No, not these kinds of bots
There was a time, not so long ago, when a person or business was a call or an email away.
Then along came instant messaging, SMS texting, smartphones, messaging apps and unlimited internet. Response-time expectations changed, bars were set high and hearing someone’s actual voice became rare.
Take customer service, for example.
Calling a customer service number almost always means that at least 20 minutes of your time (if you’re lucky) will be spent listening to elevator music, being transferred over to a different department that will definitely be able to resolve your issue, having your call dropped and your patience put through the ringer. Chat features were meant to eliminate all of that, allowing you to open a tab, hit up a customer service pro and go about working (or reading BuzzFeed, whatever) while your issue gets resolved.
But alas, humans aren’t perfect and we expect a lot from them.
Cue Facebook, Microsoft, Kik and a slew of other players in the tech game to save the day. Their solution? Bots. Specifically, chatbots powered by artificial intelligence and big data that integrate into messenger platforms that consumers are already using.
We know what you’re thinking. Chatbots are nothing new (RIP, SmarterChild). But ever since Mark Zuckerberg announced the integration of bots with Messenger, the buzz has picked up exponentially, even though companies have been investing in this newest iteration of bot technology for well over a year now.
Microsoft, for example, recently acquired Wand, a chatbot-based AI startup that promises to “create seamless customer experiences by harnessing human language.” It’s also incubating a platform called Yellow Messenger, which claims to be one of the first companies to provide a fully automated bot service that exclusively serves the e-commerce industry. Google is working on a personal assistant–type service that combines voice control and AI to deliver services via chatbots. And we’ve all met Amazon’s Alexa. So where is all this going?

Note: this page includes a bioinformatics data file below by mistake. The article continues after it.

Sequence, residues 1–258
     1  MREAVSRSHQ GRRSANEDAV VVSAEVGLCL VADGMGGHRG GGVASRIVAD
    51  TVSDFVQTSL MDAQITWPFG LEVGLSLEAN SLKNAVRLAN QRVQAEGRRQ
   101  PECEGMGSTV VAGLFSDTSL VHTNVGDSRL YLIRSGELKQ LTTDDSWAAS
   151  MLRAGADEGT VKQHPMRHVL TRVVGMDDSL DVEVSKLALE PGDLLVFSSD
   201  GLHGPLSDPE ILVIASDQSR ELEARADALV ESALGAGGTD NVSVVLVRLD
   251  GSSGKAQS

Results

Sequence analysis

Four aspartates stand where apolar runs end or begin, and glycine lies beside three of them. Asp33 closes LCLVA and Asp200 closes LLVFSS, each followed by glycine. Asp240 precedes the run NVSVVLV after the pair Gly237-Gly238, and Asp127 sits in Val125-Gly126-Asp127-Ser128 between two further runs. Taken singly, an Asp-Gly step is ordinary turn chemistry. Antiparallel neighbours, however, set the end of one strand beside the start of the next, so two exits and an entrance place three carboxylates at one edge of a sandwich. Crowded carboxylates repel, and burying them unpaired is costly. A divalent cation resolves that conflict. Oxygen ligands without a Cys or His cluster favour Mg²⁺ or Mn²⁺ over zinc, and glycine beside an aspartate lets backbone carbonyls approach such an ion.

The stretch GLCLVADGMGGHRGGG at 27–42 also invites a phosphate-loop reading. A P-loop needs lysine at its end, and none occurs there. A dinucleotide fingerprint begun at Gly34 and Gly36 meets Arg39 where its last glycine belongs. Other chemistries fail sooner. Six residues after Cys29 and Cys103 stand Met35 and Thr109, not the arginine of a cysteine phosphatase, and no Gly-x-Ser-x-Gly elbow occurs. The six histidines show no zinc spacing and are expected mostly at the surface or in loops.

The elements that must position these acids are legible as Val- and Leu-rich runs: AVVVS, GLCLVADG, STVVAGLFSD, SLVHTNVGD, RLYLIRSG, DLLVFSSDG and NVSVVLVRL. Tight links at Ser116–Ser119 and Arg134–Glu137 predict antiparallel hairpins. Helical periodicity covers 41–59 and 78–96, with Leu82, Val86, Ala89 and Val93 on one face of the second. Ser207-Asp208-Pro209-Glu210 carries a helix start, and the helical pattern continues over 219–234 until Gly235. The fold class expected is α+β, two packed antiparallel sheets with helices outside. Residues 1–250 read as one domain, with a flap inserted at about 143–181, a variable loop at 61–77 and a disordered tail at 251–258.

Bots and E-Commerce
The potential of these bots is immense. Think advertising, the breaking down of app walls and a change in customer service as we know it. They’re the catalyst for what many are calling the “year of conversational commerce” — the latest paradigm shift in the world of retail. Right when we were wrapping our heads (and budgets) around m-commerce.
Coined by the inventor of the #hashtag himself, Chris Messina, conversational commerce is the intersection of shopping and instant messaging apps. Which is a somewhat simple explanation for a trend that’s quite possibly about to revolutionize how we as consumers interact with brands. Done right, bots will eliminate a large amount of friction that consumers face when trying to gather information and make purchases, shortening the distance between a potential customer and a completed purchase.
Companies like Sephora, H&M and 1-800-Flowers.com are early adopters of the bot technology, and while the bots are far from perfect, the rate at which they’re being improved is impressive. The humanization of the technology is one of its most important success factors, since the intention is to capitalize on a way of communication that already feels natural to us (texting), as opposed to creating a new experience. In a not-so-distant future, expect to be able to talk to a bot in the same way that you’d chat with a good friend (but this good friend always responds and always does what you ask it to do).
While a messaging platform that allows you to bank, order cabs, pay a friend and converse with a brand seem a little out there, China’s already been doing it for years (surprise, surprise). WeChat has been the gold standard for chat technology in China for a while, and its success in integrating itself into the day-to-day lives of the Chinese population shows just how vital conversational commerce is for our hyperconnected world.
As we mentioned before, bots are still based on a technology that has a long way to go. But their advance is coming and coming fast. This year, VentureBeat’s MobileBeat conference theme is AI and bot technology. And programs specific to bot development — such as Botcamp — are popping up in tech hubs around the country.
We’ll be keeping our eyes on bots as they infiltrate e-commerce. Make sure to subscribe to our blog to stay in the know!
Blog post by Anna Torres, social media and blog specialist,ChannelAdvisor